I was doing some research and learned that Dolphin Connection founder Erv Strong passed away in January 2013. We really enjoyed the trips we took with him, and would return every couple years to Ingleside, Texas to visit the dolphins. Here is a column I wrote in August 2004 about Erv and his love of dolphins.
Erv Strong reaches over the side of his boat and dunks his hand in the water. “C’mere, you li’l rat,” he calls as he splashes his fingers in the water.
His passengers gasp as the grinning dolphin glides along the boat. “They love toes,” Erv tells his audience. “Go ahead, kids, stick your feet in the water.” The three youngsters join the captain at the side of the boat, stretching their feet toward the dolphin, hoping against hope that the dolphin will choose their toes for investigation.
Alas, on this hot afternoon in August, the 250+ dolphins in Corpus Christi Bay have more pressing engagements than checking out visitors’ toes. Still, politeness in dolphin society requires each pod to send at least one greeter to the boat and occasionally one of the pod matriarchs themselves swim up to the boat.
For 22 years, Erv and Sonja Strong have been interacting with the dolphins in Corpus Christi Bay from their base of operations in Ingleside Cove. They manage Dolphin Connection (www.dolphinconnectiontexas.com), a two-person “dolphins in the wild” business seeking to educate the public about the nature and intelligence of dolphins.
The Strongs take visitors on a personal, one-hour tour to meet and greet dolphins in the bay. They’ve identified over 150 dolphins and named more than 85. Dolphins approach the boat as it passes through their pods and playgrounds, whistling and greeting the captain. Visitors gleefully watch the dolphins surf the wake of the boat as it moves from group to group.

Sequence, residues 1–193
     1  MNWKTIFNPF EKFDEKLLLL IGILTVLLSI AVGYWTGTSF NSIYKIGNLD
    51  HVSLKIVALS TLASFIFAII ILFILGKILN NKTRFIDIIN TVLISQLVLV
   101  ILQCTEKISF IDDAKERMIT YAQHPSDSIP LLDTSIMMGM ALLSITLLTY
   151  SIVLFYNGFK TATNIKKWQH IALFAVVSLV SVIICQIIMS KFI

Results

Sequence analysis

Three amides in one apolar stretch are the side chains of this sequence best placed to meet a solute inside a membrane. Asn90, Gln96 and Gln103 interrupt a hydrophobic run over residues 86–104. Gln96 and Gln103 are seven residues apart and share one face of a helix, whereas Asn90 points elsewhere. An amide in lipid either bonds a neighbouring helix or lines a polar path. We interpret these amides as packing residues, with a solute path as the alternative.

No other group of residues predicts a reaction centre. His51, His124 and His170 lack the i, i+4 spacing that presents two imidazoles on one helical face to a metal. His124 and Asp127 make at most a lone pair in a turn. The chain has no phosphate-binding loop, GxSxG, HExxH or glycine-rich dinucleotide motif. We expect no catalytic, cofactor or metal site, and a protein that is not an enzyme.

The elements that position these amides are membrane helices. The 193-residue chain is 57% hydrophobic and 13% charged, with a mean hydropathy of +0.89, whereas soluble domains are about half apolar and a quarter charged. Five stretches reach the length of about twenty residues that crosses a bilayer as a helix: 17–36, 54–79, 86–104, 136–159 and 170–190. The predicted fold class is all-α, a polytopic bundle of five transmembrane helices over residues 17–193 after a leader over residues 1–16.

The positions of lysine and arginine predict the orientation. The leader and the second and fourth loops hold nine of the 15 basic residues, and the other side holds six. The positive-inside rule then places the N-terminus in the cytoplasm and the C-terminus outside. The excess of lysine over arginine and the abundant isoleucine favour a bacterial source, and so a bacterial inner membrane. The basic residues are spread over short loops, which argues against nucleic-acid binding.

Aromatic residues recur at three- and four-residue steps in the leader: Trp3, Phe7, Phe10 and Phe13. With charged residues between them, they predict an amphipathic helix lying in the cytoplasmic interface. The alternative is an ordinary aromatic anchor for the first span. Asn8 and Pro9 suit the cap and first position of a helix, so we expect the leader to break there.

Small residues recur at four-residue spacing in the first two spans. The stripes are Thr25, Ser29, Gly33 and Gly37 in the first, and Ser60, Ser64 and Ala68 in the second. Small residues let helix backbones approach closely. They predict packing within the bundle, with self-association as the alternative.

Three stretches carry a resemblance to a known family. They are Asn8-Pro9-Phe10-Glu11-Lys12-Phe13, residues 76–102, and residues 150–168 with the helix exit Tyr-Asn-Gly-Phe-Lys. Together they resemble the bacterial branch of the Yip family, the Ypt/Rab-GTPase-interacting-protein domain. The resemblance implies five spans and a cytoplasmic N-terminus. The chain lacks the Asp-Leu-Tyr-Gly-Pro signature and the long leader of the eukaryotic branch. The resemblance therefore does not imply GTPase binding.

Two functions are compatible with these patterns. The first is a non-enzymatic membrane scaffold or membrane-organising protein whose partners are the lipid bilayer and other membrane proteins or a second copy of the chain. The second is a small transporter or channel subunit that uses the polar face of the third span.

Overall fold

The boats are small, limited to about ten or twelve persons. Children wear life vests (although the bay is no more than three feet deep, with a hard, sandy bottom) and are encouraged to drag a hand or foot in the water.
“The dolphins won’t bite you,” Erv tells the kids, “but they will take your fingers or toes in their mouths and run their tongues over you to ‘know’ you. Don’t jerk your foot away, though. That’s considered rude.” A look of sheer delight passes over my daughter’s face at the possibility of being “tasted” by the dolphins.
During the hour-long tour, the Strongs relay many dolphin facts to their awed passengers. Erv tells his group that children are encouraged to return to school and write papers and essays about dolphins, then send a copy of their essays to a special website address that he provides at the end of the tour. Each June the Strongs provide cash awards to the students with the best essays. Over $12,000 is awarded for the hundreds and hundreds of essays they review.
If there is one message the Strongs aim to impart, it’s that dolphins deserve to be observed in the wild, not in chlorinated tanks. Even those dolphins that can’t be released should be kept in protected, confined sanctuaries as close to their natural habitat as possible.
We trudge to our car after a wonderful hour in which even adults have been reduced to child-like awe. My daughter emphatically states, as she buckles her seatbelt, “When we get home, I’m writing to [theme park] and telling them they need to release their dolphins.”
Erv Strong has converted one more child.